A “Report on the Burden of Obstetric Fistula in Ghana” published in 2015, by the Ghana Health Service (GHS) and the United Nation’s Population Fund (UNFPA), also reveals that the country records approximately 1,300 new cases annually, with the Northern, Upper East, and Upper West regions, recording the highest cases. Most of the afflicted from these regions are young females living in poverty and in cultures where a woman’s status in society and self-esteem are dependent on marriage and her ability to bear children.
Statistics indicates that fistula is not just a public health problem, but it is a human rights issue as well, due to the violations against sufferers, which contravenes provisions made under Article 36 of the 1992 Constitution of Ghana, which grants everyone the right to good health and a life of dignity.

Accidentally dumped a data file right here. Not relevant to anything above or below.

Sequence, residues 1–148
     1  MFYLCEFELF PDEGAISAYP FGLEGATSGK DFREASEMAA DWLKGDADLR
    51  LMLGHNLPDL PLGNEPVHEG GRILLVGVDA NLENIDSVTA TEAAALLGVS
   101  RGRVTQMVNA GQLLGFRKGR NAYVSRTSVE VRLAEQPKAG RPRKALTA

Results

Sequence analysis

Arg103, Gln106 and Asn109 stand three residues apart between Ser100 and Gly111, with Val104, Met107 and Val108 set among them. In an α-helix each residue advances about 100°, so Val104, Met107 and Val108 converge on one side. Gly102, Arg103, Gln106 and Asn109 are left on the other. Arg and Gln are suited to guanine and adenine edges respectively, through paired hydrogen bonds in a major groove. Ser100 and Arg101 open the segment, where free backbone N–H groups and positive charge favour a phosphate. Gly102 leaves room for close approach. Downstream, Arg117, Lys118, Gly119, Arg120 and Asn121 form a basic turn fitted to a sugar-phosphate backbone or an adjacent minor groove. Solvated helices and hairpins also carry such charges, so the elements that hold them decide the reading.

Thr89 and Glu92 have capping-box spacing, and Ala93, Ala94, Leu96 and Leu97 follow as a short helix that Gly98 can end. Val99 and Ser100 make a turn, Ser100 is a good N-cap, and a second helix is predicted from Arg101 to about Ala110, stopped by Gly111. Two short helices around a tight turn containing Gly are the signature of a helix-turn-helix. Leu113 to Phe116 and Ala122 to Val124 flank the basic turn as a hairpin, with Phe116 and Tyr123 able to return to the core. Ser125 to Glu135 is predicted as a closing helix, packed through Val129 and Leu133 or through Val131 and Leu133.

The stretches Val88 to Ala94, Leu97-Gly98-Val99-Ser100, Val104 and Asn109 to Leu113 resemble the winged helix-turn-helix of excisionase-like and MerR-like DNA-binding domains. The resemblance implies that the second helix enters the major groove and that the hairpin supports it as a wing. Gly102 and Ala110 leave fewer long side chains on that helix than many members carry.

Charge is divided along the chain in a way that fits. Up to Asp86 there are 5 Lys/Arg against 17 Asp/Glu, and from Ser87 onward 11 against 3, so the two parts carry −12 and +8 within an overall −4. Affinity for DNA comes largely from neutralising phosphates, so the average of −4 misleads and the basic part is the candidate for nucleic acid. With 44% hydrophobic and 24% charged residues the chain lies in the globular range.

The discrimination against sufferers also constitutes a violation of the Universal Declaration of Human Rights (1948), which is an international document adopted by the United Nations General Assembly under its resolution (217 A), that enshrines the rights and freedoms of all human beings, including their economic, social and cultural rights.
Dr Patrick Kuma-Aboagye, the Director-General, of the Ghana Health Service (GHS), says the perpetuation of stigma and discrimination against persons with disabilities as well as execution of negative cultural practices, are unlawful hence culprits must face severe punishment to discourage others.